1. Science must be led by the communities most affected
Most of the tools identified in landscaping were developed for geographic areas where the infectious disease of interest was endemic. However, the developers were often not from these regions.
Instead, North American and European institutions were overrepresented, and a third of the tools came from the United States and the United Kingdom alone.
Capacity building and mentoring are key to achieving greater developer representation from communities most impacted by CSID issues.
Wellcome has made a strategic shift towards an active search for diversity.
This will be reflected in how decisions are made for this call in accordance with our anti-racism active principles and how we believe they apply to technological development in all fields of science.
2. We need to look beyond vector-borne diseases
More than 80% of the tools identified in the review focused on vector-borne disease systems. Half of them were specific to malaria.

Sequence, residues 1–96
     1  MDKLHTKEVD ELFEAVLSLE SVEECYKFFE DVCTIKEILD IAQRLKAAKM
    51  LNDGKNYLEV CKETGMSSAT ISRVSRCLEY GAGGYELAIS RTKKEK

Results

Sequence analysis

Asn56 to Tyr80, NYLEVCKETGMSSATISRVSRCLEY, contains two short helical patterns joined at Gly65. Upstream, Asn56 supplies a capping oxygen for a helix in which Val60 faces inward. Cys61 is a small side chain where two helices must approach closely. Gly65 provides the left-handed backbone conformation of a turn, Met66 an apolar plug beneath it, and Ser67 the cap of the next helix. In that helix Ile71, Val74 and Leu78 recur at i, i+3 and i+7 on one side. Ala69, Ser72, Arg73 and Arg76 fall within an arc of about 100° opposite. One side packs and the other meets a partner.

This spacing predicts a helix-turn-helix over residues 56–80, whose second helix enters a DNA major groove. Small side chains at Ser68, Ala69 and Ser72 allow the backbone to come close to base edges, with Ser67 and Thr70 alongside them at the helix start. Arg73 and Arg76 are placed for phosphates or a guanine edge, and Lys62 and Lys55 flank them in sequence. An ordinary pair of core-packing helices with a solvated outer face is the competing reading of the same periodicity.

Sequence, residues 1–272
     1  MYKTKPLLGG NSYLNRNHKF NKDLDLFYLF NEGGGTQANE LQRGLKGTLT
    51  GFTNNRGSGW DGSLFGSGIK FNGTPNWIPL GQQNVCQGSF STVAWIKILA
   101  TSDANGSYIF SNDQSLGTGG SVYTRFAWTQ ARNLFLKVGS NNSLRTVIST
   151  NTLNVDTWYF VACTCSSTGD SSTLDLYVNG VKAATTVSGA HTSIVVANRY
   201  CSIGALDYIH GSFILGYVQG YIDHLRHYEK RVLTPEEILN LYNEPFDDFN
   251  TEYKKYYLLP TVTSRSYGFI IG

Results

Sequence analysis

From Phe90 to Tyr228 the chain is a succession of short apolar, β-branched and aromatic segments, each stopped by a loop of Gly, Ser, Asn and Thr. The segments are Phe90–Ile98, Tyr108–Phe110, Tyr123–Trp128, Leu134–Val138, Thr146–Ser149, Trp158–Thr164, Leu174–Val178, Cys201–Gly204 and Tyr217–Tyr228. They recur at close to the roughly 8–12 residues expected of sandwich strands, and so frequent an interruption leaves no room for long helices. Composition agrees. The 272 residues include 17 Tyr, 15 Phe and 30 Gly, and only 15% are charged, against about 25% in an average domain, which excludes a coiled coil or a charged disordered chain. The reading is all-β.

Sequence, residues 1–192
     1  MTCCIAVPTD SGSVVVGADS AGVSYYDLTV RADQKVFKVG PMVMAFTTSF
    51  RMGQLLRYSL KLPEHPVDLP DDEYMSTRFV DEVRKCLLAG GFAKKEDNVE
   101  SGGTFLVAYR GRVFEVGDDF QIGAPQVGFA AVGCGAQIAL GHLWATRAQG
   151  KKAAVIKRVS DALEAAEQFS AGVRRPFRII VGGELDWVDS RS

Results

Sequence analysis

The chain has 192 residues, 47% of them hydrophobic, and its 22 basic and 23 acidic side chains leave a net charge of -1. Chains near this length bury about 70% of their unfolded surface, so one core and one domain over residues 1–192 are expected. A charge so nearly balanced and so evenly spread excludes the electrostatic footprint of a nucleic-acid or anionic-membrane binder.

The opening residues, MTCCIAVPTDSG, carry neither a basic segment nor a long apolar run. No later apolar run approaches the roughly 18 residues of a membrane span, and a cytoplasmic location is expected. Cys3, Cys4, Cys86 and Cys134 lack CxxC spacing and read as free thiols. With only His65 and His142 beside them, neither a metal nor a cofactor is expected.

Tools for respiratory, food and waterborne diseases were scarce, and there were no tools for soil-borne diseases.
There is a clear opportunity to expand the scope of what is available.
We would especially like to support work that addresses underinvested modes of transmission, neglected (tropical) diseases, or even modeling that moves from pathogen-specific work to tools with multi-hazard relevance.
3. Technology alone is not enough
Stakeholder interviews revealed that a lack of effective communication between modellers and decision-makers was often a barrier to implementing new technologies.
Software development is wasted without investment in the enabling environment.
This includes everything from creating adequate reports, to facilitating replication and reuse, to ensuring that model results are clearly presented and relevant. These are questions that can only be answered through meaningful engagement with end users, and is something that we hope applicants will consider carefully when preparing their proposals.